“These findings show, for the first time in a lab setting, that a cellulose nanocrystal aerogel can support new bone growth,” said study co-author Emily Cranston, a professor of wood science and chemical and biological engineering who holds the President’s Excellence Chair in Forest Bio-products at UBC. She added that the implant should break down into non-toxic components in the body as the bone starts to heal.

The innovation can potentially fill a niche in the $2-billion bone graft market in North America, said study co-author Kathryn Grandfield, a professor of materials science and engineering, and biomedical engineering at McMaster who supervised the work.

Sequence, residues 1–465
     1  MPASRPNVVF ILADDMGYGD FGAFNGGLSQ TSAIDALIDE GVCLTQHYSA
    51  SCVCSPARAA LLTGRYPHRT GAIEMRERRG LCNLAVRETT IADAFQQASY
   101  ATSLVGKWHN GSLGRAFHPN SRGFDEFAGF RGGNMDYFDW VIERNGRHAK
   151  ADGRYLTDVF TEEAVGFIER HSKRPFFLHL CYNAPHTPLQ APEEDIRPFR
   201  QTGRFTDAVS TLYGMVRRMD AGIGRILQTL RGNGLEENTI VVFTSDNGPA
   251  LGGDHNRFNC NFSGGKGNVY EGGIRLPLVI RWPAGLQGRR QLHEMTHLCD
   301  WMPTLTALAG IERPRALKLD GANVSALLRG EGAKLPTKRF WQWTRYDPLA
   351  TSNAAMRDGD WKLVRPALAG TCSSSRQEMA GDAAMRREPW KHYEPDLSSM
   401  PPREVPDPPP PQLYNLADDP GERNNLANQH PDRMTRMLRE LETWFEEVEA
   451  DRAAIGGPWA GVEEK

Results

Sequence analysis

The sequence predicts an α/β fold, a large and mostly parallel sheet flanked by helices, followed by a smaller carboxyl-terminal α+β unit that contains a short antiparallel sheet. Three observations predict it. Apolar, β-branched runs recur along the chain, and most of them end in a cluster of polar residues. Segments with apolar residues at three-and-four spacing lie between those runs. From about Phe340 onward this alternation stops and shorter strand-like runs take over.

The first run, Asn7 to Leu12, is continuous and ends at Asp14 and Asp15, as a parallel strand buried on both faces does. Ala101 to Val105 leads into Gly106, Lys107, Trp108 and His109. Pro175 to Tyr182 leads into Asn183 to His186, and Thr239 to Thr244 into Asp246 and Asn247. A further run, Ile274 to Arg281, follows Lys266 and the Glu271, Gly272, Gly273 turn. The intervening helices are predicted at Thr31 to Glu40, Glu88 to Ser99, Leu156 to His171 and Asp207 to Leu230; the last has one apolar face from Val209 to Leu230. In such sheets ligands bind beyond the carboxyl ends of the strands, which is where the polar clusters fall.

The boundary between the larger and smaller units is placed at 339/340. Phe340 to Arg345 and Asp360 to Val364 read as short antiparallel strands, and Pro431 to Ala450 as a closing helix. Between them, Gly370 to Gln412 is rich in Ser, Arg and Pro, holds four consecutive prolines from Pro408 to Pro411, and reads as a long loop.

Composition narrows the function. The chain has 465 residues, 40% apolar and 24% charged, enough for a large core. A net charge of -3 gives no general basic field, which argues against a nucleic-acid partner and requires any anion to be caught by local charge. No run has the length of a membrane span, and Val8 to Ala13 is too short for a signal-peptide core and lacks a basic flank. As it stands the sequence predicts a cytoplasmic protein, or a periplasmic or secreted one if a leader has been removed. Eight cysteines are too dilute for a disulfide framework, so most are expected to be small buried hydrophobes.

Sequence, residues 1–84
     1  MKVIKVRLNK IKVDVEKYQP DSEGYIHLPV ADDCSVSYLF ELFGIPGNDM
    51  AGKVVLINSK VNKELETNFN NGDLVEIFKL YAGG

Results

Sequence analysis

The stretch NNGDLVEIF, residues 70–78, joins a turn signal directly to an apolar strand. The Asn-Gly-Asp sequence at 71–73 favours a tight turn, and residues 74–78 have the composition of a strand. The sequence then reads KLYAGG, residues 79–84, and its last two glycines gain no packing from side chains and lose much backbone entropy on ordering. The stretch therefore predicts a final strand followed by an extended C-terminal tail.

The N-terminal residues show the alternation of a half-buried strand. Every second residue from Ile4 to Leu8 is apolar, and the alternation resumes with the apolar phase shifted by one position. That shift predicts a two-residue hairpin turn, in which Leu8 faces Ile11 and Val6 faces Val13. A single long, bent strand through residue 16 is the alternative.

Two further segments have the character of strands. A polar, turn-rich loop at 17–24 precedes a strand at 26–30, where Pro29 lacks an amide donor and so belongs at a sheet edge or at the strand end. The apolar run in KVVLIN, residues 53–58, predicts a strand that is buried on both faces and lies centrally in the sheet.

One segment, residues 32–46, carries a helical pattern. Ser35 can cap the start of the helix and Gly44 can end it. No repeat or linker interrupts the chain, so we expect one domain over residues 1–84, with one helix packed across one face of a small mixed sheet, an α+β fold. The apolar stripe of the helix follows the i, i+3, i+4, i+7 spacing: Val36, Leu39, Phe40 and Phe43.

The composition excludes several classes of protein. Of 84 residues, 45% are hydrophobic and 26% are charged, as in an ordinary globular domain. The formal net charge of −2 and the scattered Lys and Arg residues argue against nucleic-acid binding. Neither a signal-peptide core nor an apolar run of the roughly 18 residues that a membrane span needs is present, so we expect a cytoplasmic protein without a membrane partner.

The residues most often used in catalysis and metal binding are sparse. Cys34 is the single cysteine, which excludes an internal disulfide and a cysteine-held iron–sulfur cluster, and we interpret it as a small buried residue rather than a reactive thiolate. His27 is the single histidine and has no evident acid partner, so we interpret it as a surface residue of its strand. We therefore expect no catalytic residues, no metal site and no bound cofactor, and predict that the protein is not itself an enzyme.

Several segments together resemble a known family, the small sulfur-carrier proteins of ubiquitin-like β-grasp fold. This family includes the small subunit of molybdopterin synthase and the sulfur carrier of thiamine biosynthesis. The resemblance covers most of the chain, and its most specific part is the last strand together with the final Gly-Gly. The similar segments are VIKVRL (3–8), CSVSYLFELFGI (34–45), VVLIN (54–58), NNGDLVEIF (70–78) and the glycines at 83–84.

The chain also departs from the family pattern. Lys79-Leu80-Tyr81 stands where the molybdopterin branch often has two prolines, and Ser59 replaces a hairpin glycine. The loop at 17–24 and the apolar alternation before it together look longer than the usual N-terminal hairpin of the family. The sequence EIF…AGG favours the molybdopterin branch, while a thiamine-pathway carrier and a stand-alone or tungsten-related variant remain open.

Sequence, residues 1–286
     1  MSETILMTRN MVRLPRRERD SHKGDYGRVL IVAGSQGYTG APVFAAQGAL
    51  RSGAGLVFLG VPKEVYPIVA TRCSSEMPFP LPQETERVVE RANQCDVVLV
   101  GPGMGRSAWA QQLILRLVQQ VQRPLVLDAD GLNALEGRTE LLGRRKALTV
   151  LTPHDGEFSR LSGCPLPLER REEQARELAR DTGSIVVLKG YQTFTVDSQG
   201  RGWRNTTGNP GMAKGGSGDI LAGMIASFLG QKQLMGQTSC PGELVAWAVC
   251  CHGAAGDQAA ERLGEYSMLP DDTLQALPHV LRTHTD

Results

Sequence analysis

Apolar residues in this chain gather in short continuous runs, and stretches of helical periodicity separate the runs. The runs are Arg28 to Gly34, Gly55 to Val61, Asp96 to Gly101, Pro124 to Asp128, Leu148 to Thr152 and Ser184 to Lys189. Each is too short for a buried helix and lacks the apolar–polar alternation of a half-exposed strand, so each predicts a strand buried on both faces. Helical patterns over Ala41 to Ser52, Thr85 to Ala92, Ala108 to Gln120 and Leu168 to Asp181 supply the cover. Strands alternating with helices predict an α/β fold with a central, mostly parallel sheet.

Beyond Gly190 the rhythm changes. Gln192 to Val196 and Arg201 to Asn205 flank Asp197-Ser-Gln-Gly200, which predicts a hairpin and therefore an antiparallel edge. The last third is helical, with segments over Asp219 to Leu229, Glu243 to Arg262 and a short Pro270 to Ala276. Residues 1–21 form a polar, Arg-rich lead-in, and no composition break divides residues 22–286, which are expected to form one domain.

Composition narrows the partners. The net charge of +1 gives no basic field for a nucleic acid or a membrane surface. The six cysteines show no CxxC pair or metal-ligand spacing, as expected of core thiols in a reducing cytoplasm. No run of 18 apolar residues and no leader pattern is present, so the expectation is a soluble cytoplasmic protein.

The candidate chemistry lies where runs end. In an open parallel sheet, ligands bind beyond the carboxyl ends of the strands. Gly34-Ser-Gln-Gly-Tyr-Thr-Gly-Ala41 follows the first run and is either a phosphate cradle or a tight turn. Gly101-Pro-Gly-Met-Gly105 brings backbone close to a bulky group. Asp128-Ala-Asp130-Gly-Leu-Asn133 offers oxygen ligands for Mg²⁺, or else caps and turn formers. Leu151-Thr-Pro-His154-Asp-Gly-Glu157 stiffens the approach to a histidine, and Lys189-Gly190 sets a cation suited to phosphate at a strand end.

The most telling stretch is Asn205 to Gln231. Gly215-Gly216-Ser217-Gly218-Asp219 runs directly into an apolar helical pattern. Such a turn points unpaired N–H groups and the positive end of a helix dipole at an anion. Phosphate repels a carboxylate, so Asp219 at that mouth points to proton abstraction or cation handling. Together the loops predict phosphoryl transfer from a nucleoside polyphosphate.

“We can see this aerogel being used for a number of applications including dental implants and spinal and joint replacement surgeries,” said Grandfield. “And it will be economical because the raw material, the nanocellulose, is already being produced in commercial quantities.”

The researchers say it will be some time before the aerogel makes it out of the lab and into the operating room.

“This summer, we will study the mechanisms between the bone and implant that lead to bone growth,” said Grandfield. “We’ll also look at how the implant degrades using advanced microscopes. After that, more biological testing will be required before it is ready for clinical trials.”

Here’s a link to and a citation for the paper,